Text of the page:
U.S. Secretary of State Hillary Clinton has assured Lebanon that the
United States will not forgo its support of the country as the U.S.
opens dialogue with Syria.
After meeting with Lebanese President Michel Suleiman in Beirut Sunday, Clinton promised the continued U.S. support of the "voices of moderation" in Lebanon.
Clinton also called for open and fair elections in Lebanon, without the threat of intimidation or violence, and free of outside influence. Lebanon is holding legislative elections June 7th.
Indications are the militant, Shiite Muslim group Hezbollah is gaining support ahead of the elections. Washington designates Hezbollah as a terrorist organization, and U.S. officials say they will review U.S. policy to Lebanon depending on the elections' results.
Clinton also said the United States would never make a deal with Syria that is detrimental to Lebanon or its people.
The current Lebanese parliament has had tense relations with Syria, following a series of assassinations of Lebanese politicians blamed on Damascus. Syria denies the accusations.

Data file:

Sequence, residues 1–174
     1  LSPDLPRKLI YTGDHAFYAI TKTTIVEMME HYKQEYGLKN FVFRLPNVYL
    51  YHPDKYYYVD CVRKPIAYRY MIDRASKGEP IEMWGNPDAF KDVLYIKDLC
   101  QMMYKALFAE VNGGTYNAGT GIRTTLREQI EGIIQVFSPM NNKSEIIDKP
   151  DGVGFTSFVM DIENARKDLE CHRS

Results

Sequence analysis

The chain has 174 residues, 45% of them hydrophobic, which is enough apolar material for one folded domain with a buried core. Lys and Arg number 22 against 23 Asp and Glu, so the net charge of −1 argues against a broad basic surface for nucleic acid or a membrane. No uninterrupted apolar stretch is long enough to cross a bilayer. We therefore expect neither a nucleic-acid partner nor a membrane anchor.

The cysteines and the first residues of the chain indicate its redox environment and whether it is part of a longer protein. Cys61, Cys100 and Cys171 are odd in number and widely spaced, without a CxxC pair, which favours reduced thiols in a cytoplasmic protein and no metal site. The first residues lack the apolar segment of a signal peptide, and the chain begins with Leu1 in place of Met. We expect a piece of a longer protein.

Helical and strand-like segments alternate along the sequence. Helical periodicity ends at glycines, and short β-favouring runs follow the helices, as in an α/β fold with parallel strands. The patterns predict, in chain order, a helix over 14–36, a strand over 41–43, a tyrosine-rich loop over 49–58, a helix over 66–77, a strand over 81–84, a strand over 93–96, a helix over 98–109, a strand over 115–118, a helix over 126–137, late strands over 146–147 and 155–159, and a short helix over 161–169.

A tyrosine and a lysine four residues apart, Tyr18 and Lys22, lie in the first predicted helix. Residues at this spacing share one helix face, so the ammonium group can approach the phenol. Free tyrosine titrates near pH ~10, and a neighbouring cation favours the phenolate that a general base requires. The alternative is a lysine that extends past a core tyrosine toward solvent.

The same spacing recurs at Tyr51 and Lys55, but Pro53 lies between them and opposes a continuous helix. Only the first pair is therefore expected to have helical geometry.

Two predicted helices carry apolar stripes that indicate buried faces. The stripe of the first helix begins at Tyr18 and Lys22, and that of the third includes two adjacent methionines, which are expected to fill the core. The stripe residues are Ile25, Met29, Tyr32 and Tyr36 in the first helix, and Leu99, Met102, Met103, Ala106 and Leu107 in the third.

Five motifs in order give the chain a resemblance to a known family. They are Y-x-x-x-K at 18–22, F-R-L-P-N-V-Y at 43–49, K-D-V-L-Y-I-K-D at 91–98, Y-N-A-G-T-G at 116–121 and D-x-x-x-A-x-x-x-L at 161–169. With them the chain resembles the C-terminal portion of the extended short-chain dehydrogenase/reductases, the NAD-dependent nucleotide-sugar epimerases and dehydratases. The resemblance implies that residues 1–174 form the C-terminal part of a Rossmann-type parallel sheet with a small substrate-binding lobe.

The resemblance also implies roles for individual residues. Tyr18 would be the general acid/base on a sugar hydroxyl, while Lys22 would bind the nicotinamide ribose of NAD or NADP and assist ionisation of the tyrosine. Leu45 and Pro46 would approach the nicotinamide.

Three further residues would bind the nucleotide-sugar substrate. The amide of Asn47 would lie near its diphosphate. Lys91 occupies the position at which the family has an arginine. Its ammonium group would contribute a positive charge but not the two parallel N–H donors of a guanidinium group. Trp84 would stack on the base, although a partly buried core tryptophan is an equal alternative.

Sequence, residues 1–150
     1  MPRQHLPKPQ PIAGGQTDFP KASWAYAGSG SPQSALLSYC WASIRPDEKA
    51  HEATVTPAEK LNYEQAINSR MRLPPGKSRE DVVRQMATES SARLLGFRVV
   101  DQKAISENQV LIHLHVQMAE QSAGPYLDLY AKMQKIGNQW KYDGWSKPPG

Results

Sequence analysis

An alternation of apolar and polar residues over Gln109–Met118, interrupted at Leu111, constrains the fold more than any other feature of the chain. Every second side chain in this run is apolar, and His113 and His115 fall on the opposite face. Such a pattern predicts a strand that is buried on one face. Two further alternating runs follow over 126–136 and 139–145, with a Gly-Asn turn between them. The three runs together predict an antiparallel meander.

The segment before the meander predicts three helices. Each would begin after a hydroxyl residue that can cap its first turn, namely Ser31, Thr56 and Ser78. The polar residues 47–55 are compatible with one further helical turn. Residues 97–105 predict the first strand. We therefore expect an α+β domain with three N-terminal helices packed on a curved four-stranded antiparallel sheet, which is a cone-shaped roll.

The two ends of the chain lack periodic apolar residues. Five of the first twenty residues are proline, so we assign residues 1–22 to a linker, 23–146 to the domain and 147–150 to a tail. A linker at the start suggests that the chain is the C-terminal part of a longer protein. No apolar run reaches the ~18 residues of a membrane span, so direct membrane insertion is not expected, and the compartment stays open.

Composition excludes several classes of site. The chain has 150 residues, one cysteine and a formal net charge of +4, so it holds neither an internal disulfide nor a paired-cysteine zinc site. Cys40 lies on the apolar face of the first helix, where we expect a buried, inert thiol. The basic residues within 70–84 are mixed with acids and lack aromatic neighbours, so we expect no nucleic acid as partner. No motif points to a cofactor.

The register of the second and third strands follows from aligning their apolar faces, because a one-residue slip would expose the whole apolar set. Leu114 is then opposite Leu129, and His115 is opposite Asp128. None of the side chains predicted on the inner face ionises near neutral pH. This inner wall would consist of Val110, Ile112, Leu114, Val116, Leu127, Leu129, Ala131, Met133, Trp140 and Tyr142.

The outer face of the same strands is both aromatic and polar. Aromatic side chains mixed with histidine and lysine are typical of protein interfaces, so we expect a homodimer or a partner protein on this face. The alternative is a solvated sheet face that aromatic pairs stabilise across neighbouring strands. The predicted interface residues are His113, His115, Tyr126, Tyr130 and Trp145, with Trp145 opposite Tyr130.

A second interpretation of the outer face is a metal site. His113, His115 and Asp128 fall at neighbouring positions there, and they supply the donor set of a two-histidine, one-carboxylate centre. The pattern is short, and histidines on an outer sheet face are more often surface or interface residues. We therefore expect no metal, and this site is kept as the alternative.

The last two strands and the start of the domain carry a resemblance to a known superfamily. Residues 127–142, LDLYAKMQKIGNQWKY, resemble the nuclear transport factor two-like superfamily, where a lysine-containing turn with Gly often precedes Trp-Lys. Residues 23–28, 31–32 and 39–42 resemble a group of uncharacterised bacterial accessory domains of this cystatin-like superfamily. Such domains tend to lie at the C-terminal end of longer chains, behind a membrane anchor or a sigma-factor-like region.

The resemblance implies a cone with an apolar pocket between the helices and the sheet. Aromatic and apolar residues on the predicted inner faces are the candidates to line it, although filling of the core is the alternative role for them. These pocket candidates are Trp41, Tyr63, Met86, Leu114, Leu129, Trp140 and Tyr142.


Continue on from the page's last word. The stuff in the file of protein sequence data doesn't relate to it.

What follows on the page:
The top U.S. diplomat traveled to Beirut after a similar unannounced visit to Baghdad Saturday, and a stop in Kuwait.
Clinton praised Iraqis for the unity they have shown in response to a wave of suicide bombings that threaten to destabilize the country.
Suicide bombings Thursday and Friday killed more than 150 people. The victims were mostly Shi'ite Muslims, including many Iranian pilgrims.
Clinton met with Iraqi Prime Minister Nouri al-Maliki and President Jalal Talabani, as well as other Iraqi officials, top U.S. military commanders and the newly arrived U.S. ambassador to Iraq, Christopher Hill.
The trip to Iraq was her first since she became secretary of state.